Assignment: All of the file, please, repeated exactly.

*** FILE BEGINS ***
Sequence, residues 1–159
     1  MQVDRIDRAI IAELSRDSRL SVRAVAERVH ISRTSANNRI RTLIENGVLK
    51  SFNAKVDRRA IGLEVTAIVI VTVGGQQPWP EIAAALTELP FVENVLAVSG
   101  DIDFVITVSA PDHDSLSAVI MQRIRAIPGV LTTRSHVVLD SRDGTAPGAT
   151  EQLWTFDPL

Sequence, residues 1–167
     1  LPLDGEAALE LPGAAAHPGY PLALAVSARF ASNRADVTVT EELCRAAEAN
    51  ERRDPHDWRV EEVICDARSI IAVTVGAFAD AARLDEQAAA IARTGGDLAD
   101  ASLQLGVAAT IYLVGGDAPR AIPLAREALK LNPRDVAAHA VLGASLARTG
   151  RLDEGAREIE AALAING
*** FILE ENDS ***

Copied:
Sequence, residues 1–159
     1  MQVDRIDRAI IAELSRDSRL SVRAVAERVH ISRTSANNRI RTLIENGVLK
    51  SFNAKVDRRA IGLEVTAIVI VTVGGQQPWP EIAAALTELP FVENVLAVSG
   101  DIDFVITVSA PDHDSLSAVI MQRIRAIPGV LTTRSHVVLD SRDGTAPGAT
   151  EQLWTFDPL

Sequence, residues 1–167
     1  LPLDGEAALE LPGAAAHPGY PLALAVSARF ASNRADVTVT EELCRAAEAN
    51  ERRDPHDWRV EEVICDARSI IAVTVGAFAD AARLDEQAAA IARTGGDLAD
   101  ASLQLGVAAT IYLVGGDAPR AIPLAREALK LNPRDVAAHA VLGASLARTG
   151  RLDEGAREIE AALAING